Texas

  • June 28, 2024

    Texas Justices Scrap $26M Verdict In Honda Seat Belt Suit

    The Texas Supreme Court on Friday handed American Honda Motor Co. Inc. a post-trial win, vacating a $26 million verdict for a woman who was paralyzed after a crash in 2015, saying the evidence she presented was not enough to rebut a presumption of nonliability under Texas law.

  • June 28, 2024

    Consulting Co. Says Rivals Merged Despite Promising Not To

    A software consulting company seeking to block a merger between two competitors alleged in a suit in Colorado state court that the rivals have shown "blatant disregard" for a noncompete pact brokered during earlier talks to combine all three companies.

  • June 28, 2024

    Texas Judge Who Axed DACA To Retire In January 2025

    U.S. District Judge Andrew S. Hanen — a controversial Republican appointee best known for twice ruling against President Barack Obama's Deferred Action for Childhood Arrivals immigration policy — has announced that he will take senior status on Jan. 2, 2025, allowing the next president to name his replacement.

  • June 28, 2024

    Verizon Hit With $847M Patent Verdict In EDTX

    An Eastern District of Texas federal jury on Friday said Verizon should pay $847 million for infringing two General Access Solutions wireless network patents, providing the patent owner with the full relief it requested.

  • June 28, 2024

    5th Circ. Tosses Texas Health System's COVID-19 Suit

    The largest nonprofit health system in Texas cannot get coverage for COVID-19-related business interruption losses it said totaled over $192 million, the Fifth Circuit affirmed, highlighting previous circuit precedent establishing that COVID-19 does not cause "physical loss or damage."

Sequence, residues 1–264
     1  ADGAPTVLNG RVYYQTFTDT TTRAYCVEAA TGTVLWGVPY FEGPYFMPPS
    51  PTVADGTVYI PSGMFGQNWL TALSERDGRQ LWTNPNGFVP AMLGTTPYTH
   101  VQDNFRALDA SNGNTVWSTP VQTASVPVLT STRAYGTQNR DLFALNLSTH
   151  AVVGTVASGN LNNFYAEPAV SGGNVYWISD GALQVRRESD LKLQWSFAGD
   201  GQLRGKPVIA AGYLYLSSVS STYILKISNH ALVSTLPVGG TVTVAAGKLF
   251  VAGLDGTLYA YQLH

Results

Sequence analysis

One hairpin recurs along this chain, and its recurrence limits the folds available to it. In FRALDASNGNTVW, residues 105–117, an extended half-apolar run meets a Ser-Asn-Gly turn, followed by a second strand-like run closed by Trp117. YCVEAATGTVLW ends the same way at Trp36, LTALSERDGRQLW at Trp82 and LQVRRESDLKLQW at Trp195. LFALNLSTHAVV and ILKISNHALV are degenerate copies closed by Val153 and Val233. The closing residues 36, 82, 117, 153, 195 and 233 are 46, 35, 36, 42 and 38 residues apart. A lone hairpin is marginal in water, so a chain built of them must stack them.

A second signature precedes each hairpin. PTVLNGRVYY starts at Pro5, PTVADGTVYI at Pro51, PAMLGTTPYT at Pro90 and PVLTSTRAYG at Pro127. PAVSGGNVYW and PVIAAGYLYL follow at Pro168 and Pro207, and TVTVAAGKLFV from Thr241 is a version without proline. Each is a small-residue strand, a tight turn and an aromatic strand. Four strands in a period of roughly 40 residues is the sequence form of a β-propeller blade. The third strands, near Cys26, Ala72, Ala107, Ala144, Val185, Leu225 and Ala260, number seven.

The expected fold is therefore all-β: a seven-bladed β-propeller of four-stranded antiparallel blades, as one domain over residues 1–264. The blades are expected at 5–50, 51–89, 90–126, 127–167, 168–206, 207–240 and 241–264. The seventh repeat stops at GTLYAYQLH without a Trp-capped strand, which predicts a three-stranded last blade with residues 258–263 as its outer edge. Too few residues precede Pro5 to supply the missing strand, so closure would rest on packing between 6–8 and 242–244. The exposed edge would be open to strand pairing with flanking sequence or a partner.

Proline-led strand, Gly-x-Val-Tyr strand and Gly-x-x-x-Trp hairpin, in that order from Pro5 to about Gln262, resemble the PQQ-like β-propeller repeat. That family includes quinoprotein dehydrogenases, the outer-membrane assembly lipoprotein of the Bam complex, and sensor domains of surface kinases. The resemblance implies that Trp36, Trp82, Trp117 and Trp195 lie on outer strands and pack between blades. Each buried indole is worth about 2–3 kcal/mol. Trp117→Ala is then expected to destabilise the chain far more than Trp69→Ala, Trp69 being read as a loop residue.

• June 28, 2024

    Nixed Purdue Ch. 11 Plan May Leave States Ready For A Fight

    State attorneys general across the country could be gearing up for more opioid-related litigation against the Sackler family after the U.S. Supreme Court wiped out a $5.5 billion third-party release for the owners of bankrupt drugmaker Purdue Pharma LP, experts told Law360.

  • June 28, 2024

    Litigation Pro Joins Bradley Arant From Houston Boutique

    Bradley Arant Boult Cummings LLP has strengthened its litigation practice in Texas with a partner who came aboard from Houston corporate law firm BoyarMiller.

  • June 28, 2024

    High Court Enters July With 3 Rulings To Go

    In a rare move, the U.S. Supreme Court will issue opinions into the beginning of July as the court tries to clear its merits docket of three remaining cases dealing with presidential immunity, whether governments can control social media platforms' content moderation policies and the appropriate deadline to challenge agency action.